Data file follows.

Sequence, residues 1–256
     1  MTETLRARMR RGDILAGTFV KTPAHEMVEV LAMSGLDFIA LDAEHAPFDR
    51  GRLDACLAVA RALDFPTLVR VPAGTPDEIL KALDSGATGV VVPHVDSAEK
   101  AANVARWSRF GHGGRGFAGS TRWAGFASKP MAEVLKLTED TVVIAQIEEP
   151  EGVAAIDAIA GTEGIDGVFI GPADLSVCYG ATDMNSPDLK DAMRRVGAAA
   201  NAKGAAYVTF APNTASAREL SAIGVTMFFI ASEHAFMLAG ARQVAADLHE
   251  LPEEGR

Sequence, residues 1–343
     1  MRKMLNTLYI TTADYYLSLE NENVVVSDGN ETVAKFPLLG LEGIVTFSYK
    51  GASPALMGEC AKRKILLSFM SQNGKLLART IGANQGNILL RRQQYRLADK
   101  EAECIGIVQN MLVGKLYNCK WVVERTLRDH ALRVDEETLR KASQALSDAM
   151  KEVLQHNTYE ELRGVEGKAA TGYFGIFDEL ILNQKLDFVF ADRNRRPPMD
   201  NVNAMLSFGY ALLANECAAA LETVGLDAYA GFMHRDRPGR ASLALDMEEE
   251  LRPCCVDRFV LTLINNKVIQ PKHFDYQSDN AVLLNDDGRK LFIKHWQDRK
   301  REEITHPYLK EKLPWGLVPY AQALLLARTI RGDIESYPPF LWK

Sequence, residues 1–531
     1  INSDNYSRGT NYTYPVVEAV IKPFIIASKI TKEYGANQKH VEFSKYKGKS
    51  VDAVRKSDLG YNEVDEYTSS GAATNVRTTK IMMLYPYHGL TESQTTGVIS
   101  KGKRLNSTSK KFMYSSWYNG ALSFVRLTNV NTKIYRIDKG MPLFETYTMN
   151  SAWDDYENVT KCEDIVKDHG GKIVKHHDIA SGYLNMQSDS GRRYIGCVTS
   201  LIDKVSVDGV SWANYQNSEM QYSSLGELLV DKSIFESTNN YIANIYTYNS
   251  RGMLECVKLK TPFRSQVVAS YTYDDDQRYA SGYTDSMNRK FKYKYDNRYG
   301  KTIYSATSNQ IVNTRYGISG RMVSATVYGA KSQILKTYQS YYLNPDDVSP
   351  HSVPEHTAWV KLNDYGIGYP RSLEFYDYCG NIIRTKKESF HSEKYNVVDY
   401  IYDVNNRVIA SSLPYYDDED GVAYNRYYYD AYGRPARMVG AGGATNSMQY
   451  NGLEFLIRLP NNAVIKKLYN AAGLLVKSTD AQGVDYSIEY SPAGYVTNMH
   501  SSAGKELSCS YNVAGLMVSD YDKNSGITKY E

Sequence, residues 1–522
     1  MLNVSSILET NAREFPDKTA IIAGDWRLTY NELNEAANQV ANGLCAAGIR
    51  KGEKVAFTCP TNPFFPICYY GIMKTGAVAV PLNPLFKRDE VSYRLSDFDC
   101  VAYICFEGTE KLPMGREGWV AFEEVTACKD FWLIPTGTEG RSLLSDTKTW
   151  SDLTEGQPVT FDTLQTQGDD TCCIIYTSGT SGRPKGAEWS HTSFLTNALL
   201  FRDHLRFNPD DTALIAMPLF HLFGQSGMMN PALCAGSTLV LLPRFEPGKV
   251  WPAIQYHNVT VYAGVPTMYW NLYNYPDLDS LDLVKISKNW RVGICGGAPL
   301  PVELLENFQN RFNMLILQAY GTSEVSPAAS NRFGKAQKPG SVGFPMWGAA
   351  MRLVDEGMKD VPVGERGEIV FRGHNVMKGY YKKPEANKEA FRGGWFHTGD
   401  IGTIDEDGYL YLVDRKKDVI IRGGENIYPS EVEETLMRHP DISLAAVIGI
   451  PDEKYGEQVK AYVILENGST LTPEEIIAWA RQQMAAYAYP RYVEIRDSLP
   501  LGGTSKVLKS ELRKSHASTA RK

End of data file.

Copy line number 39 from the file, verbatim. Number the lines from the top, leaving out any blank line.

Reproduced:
   501  LGGTSKVLKS ELRKSHASTA RK